Health Toolkit

One of the foundations of my occupational therapy practice is supporting people to develop a ‘Health Toolkit’. Essentially, it’s ‘all the stuff you need to know, do, and own in order to keep on top of an uncooperative body / mind’…but Health Toolkit is a little catchier.

I tend to break health toolkits into 4 key categories. Knowledge, coping strategies, assistive aids and people. Everyone will need a different combination of ‘stuff’ in their toolkit but there are some commonalities for most people with a long-term health condition.


This bit is mainly made up with learning as much as you can about your own health. This includes the terminology associated with any medical conditions. Learning the right words helps us to accurately communicate with healthcare professionals. Think about the difference between ‘proprioception’ and ‘balance’. Sort of similar but not quite the same.

Having a good understanding of expected prognoses and treatment approaches can help us fight for the care we need. Understanding common triggers can help us avoid flare-ups.. or at least prepare for them! Finally, knowing *why* our bodies and minds react in seemingly weird ways can actually be really validating. All of this combined helps to work out what the new normal is going to be, and helps set us on a path to understanding ourselves a little better.

Coping strategies

Regardless of the timeframe we’re facing challenges for, learning how to get on with things despite our uncooperative bodies/minds is essential to good quality of life. For a short term injury, this might be about managing pain while we do essential daily tasks. For a long-term energy limiting condition it could be more about maximising efficiency to achieve the most we can on limited energy.

Coping strategies like pacing, joint protection, sleep hygiene and pain management will come in handy for almost everyone at some point. Some of us just need to make much more consistent use of these skills!

A lot of this stuff is linked with something called ‘acceptance and commitment therapy’ or ACT. For the sake of this post, I’m over simplifying, but the basic premiss is ‘sh*t happens and pretending otherwise is unhelpful’.

Challenges in life, are unavoidable, but what we can do is work on how we respond to them. Take chronic pain as an example, it’s horrible, difficult to manage, life altering in a host of bad ways. It will make you cry. But, it is possible to be in pain and be happy. It’s possible to be in pain and achieve life goals. That doesn’t make the pain suck any less… but it does balance our lives out. If you get enough joy, acceptance and creative problem solving crammed in there, maybe the pain stops having such a leading role in your story.

Assistive aids

This bit is less ephemeral and a bit more “buy these things, they’ll make your life easer”. Living with long-term conditions generally requires a fair amount of health admin. Things like taking medication, physio and cooking specialist foods all take energy (both physical and cognitive). Don’t even get me started on dealing with hospitals, the DWP, blue badge renewals and fighting for reasonable adjustments. Now combine that with all the usual daily living stuff, but minus the energy needed to actually *do* it all. Not a fun situation.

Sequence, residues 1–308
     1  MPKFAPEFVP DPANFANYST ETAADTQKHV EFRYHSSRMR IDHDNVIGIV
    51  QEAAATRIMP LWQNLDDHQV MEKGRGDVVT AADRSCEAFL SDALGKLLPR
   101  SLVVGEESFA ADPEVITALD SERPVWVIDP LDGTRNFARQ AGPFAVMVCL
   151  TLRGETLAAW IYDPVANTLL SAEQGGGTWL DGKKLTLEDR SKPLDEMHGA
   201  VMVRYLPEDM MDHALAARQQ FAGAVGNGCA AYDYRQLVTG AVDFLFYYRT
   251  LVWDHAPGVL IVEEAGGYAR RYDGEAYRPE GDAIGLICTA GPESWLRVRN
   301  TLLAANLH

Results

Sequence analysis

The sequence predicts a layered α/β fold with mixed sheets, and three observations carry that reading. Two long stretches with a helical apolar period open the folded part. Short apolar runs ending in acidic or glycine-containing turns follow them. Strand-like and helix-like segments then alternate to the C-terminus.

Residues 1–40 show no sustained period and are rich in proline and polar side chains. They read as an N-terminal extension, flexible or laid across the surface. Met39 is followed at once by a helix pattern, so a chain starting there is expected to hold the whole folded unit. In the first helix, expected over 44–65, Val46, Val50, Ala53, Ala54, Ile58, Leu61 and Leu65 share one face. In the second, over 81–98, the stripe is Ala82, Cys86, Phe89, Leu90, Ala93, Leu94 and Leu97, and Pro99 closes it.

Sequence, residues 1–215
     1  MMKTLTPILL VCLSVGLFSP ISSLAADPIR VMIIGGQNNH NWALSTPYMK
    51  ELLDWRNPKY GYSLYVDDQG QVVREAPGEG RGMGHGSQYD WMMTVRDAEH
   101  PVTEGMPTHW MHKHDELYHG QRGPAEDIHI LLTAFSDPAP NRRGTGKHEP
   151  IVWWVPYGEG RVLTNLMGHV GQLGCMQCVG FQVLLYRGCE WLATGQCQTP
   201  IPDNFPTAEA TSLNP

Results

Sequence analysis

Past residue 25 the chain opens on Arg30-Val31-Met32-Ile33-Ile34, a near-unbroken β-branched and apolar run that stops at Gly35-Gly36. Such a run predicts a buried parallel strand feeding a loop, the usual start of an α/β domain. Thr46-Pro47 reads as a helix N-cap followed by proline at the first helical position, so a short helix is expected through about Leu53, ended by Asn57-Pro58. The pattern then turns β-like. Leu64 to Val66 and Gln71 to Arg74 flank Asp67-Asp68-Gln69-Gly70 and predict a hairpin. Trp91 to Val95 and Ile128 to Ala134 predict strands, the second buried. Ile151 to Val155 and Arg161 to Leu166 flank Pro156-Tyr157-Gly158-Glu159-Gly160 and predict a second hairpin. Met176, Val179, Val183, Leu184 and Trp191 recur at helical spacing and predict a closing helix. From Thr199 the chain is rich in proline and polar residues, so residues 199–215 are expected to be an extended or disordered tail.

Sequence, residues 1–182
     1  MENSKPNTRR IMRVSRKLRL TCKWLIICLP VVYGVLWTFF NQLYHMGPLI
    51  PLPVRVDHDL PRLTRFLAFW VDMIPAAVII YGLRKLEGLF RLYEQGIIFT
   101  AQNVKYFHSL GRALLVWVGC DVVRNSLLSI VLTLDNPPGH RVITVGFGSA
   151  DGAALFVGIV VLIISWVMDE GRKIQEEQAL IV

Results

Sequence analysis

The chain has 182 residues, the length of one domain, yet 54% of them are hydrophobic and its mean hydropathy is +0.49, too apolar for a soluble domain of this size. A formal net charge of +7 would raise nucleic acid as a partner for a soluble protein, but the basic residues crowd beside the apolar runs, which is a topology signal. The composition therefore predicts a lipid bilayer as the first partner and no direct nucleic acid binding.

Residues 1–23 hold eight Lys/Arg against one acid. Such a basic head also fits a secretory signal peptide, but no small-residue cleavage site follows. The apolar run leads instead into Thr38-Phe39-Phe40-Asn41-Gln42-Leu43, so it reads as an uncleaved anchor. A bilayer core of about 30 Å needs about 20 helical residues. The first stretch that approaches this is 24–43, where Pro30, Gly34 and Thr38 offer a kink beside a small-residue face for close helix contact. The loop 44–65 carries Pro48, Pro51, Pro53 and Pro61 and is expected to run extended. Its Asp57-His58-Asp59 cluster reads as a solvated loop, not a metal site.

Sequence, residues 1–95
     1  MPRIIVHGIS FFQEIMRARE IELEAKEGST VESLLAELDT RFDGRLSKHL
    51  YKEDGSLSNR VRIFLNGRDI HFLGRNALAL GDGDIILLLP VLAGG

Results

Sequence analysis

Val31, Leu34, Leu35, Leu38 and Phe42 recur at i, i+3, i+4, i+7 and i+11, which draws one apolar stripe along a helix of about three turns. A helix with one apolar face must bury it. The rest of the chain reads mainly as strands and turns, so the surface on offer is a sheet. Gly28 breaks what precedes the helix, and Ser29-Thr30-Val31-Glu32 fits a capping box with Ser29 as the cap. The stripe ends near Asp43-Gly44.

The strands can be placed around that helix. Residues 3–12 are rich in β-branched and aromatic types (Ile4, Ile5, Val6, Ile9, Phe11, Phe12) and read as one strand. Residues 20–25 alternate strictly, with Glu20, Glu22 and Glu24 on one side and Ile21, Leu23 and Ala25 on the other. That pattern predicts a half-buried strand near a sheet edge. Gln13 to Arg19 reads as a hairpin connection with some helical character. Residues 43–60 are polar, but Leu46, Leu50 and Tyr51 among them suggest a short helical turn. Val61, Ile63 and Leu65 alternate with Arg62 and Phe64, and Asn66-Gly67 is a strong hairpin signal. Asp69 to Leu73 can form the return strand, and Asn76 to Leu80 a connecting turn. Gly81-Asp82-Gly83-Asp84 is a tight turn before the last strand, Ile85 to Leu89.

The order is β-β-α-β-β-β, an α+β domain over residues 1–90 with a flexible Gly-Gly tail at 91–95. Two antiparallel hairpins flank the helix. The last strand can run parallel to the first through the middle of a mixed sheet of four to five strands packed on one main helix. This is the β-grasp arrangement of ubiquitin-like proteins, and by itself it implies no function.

Using assistive aids can help save valuable time and energy. If nothing else, setting reminders can help take stuff out of your working memory by putting it on your phone. Medication management apps and pill boxes can hugely reduce the changes of under or over-dosing. Being appropriately medicated can help with pretty much all symptoms so the knock on effect of these changes can be huge.

Mobility aids can help manage pain and fatigue while out and about. It’ll be much easier to get your physio done if you’re not totally exhausted from going out before you even get started on the exercises.


No man is an island.. it takes a village.. yada yada. These phrases might be a little over-used but they are still true. The most successful healthcare approaches are almost universally multidisciplinary ones. Basically, you’re probably going to need more than just a GP to manage a long-term condition successfully. Friends, family, support workers, a massage therapist, physio, OT, dentist, doula, psychotherapist.. you name it. Everyone’s team will look a little different and it can take a while to work out who the best people are.

How does it all work?

Your health toolkit is designed to evolve right along side you and your life. How we cope and what we cope with can vary hugely, even if the condition(s) remain the same. The more experienced you get with using all this, the more you’ll be able to adapt to.

Hoping for the best, prepared for the worst, and unsurprised by anything in between.

Maya Angelou – I Know Why the Caged Bird Sings

The aim is to have a potential solution to all the scenarios you’re likely to face. If it all goes wrong but you’ve already got the right stuff to cope, the disruption to your life is minimised as much as possible. Sh*t happens.. but it doesn’t always have to ruin your plans.

My role in this is process varies from person to person. If you’re pretty comfortable self-managing but you’d like a sounding board to fine-tune the details, you might just need a Freestyle Appointment. If this is all new and confusing then we can work through everything step-by-step. Masterclasses for key coping strategies (pacing, joint protection and sleep hygiene). We’ll chuck some educational stuff into Freestyle appointments and build on that with some aids and adaptations, I’ll recommend some specialists who might help and we can finish up with a Flare-up plan.

It’s all totally individual and I’m happy to discuss further via email, phone or WhatsApp if your unsure of what you might need. Please do get in touch!